- Understand the difference between an inbound and outbound channel
- Understand the array data type
- Understand data types in Mirth Connect
If you’ve spent any time developing in Mirth Connect, you probably remember learning how to use Mirth’s msg and tmp variables. See the table below for a quick summary comparing msg and tmp.
|msg||references the incoming message/data||var sendApp = msg[‘MSH’][‘MSH.3’][‘MSH.3.1’].toString();|
|tmp||references the outgoing message/data||tmp[‘MSH’][‘MSH.3’][‘MSH.3.1’] = “EPIC”;|
Developers need to know that a healthcare interface can either be inbound or outbound in reference to their application. An inbound interface comes from another application to your application while an outbound interface leaves your application and goes to another application.
Furthermore, when you are referencing data from an inbound interface in Mirth, you will want to use msg. Likewise, you are defining data for an outbound interface, you will want to use tmp. These concepts will be explored further in the following sections.
The first index tells Mirth that it needs to look at the MSH segment. The second index tells Mirth that it needs to look in the third field of MSH. Finally, the third index tells Mirth to look at the first component of the third field.
Note: If you are unfamiliar with how HL7 messages are structured click here to learn more.
Msg usually appears on the right-hand side of the assignment operator in code because we want to assign this data to a variable in order to use it throughout the rest of the channel code.
Additionally, msg works a bit differently with the HTTP Sender and destination connectors of that nature. When you call a web service using an HTTP Sender in Mirth, you will often get a response depending on if the web service responds with data.
This response data is returned to Mirth via the msg variable. However, this data is only available in the response transformer. That is because the destination transformer code is executed before the web service is called. Meaning, if you reference msg in the destination transformer you are referencing the original incoming message. This is important to keep in mind if you plan on using Mirth to call a web service that returns data.
Understanding how to use msg is absolutely vital because it is the data structure that allows developers to access the data needed to build an inbound interface. If developers cannot access incoming data, their inbound interface is effectively worthless.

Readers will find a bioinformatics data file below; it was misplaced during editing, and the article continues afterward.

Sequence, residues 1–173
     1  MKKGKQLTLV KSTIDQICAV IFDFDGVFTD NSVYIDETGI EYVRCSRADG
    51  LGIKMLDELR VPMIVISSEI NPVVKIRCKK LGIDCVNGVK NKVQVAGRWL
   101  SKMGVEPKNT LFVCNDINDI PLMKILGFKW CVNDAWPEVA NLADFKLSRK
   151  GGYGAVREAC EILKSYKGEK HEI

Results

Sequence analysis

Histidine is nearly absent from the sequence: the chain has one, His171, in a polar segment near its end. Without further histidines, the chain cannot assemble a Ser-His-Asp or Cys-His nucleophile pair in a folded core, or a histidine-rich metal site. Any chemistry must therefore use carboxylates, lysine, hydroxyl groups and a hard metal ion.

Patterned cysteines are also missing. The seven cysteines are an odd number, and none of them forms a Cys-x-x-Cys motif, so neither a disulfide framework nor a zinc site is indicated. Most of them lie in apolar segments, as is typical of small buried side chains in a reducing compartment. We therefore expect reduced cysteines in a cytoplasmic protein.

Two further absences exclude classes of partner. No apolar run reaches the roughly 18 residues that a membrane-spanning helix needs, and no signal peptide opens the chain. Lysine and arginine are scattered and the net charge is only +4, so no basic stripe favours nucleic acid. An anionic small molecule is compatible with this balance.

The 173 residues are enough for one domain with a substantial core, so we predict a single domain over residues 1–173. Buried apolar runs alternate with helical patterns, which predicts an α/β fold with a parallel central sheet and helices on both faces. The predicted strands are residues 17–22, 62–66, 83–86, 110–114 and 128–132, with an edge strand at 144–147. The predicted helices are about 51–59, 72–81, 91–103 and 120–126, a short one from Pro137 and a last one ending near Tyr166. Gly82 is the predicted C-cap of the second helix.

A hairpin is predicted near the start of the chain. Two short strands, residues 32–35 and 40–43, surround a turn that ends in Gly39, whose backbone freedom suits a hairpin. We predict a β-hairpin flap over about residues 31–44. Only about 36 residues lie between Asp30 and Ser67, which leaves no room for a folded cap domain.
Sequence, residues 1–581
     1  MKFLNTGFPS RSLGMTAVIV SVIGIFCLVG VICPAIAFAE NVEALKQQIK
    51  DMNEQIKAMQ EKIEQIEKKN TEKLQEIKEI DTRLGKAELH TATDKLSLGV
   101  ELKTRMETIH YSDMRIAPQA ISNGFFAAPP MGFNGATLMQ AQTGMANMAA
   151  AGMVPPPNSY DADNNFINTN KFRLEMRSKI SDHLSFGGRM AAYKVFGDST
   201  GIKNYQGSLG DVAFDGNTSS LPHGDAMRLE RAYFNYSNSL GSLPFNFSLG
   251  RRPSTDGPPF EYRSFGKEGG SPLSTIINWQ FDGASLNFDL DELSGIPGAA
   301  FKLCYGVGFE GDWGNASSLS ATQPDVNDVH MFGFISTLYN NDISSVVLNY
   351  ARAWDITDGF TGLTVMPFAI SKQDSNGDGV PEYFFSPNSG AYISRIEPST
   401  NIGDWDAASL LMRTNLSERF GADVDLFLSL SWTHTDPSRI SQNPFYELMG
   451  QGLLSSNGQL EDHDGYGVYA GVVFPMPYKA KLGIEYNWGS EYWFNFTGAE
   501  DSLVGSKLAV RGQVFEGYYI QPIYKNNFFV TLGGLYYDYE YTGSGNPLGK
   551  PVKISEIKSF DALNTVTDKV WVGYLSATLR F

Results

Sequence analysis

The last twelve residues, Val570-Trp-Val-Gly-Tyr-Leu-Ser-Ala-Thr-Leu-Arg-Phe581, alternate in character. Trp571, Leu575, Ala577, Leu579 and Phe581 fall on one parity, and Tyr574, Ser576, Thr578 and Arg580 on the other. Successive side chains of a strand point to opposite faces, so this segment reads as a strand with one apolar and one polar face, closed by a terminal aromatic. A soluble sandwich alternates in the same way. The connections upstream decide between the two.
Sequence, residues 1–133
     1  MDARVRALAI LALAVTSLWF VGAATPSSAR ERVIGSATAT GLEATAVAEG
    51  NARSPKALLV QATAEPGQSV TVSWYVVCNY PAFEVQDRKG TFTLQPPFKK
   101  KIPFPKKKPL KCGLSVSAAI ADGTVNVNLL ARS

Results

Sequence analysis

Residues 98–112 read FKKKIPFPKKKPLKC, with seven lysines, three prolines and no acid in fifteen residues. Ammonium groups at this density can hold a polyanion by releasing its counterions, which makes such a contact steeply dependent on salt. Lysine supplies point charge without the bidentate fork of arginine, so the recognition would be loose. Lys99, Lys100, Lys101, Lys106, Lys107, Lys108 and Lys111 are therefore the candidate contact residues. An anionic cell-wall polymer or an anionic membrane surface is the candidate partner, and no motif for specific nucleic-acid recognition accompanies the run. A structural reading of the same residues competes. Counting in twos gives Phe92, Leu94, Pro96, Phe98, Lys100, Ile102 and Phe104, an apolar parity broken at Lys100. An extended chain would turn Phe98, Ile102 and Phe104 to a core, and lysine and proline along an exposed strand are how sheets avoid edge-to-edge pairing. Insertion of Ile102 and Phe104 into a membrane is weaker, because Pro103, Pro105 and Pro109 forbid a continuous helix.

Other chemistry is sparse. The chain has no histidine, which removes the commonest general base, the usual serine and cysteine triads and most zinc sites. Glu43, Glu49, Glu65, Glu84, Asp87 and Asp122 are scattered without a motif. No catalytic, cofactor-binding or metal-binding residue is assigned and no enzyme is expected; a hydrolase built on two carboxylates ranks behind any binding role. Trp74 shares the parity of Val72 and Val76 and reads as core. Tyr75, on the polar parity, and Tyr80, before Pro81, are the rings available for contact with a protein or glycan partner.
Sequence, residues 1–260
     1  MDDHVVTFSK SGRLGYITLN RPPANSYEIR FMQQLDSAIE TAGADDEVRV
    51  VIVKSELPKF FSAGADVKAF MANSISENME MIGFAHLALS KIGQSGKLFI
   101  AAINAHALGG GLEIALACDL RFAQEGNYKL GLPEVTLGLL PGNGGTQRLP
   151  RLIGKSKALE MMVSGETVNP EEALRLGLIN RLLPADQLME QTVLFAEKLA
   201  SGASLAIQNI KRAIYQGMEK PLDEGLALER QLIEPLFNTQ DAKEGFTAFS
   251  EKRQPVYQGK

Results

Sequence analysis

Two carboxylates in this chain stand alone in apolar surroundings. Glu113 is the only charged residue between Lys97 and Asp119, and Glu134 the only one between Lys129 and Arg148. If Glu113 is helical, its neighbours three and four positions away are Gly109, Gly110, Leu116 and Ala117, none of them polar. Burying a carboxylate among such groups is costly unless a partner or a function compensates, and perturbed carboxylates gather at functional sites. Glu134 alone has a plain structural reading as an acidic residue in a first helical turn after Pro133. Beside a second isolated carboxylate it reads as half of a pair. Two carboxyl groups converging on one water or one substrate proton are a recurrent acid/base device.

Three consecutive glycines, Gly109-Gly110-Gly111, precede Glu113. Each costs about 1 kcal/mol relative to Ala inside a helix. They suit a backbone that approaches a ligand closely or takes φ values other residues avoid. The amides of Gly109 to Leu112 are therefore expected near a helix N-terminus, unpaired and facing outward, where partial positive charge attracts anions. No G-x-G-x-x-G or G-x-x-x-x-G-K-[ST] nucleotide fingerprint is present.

A good practice when developing inbound interfaces is to have an initial step in your transformer where you create variables and initialize them from the data in msg. That way, you can use, reference, and manipulate these values in the remainder of your code.
Just as with msg, Mirth uses the same array indexing notation to reference the first component of MSH.3 for the outgoing message.
Tmp usually appears on the left-hand side of the assignment operator because we want to set the value of this data before Mirth sends it out to the receiving system. In other words, we are building the message to send out to the receiving system.
Understanding how to use tmp is so important because it is the data structure that allows developers to build a message for their outbound interface. If developers cannot set outgoing data, their outbound interface is worthless since there is no data to send to the receiving side.
When using tmp, it’s vital that you understand the requirements for the data types that you are using because you have to know the correct place to place data. For example, if your interface requires the HL7 data type then you need to know to place the patient account number from your system in PID.18.1.
This is also true for msg; however, when developing the interface, you only have control of what you put in the outbound message; however, the quality of the data from another system is out of your control.
Msg, Tmp, and Mirth Data Types
Mirth allows developers create channels with the following data types.
- Delimited Text
- HL7 v2.X
- HL7 v3.X
Regardless of the data type, developers can reference the data in msg or tmp using array indexing. However, this looks slightly different depending on the data type chosen.
If you are ever confused about these slight differences, take full advantage of Mirth’s message template tool. You can access this tool on the right-hand side of any transformer, filter, or response.
Paste an example message in either the inbound or outbound message template.
Next, click on the message trees tab.
Expand the elements of your message tree.
You can drag green nodes into the code editor and Mirth will form the correct reference for you. If you drag a variable from the inbound message tree then Mirth will use msg. Similarly, if you drag a variable from the outbound message tree then Mirth will use tmp.
For example, you can reference the first column in the first row of a delimited text file using the follow variable.
Take some time to change the data type on the message template and play around with msg and tmp in your channels.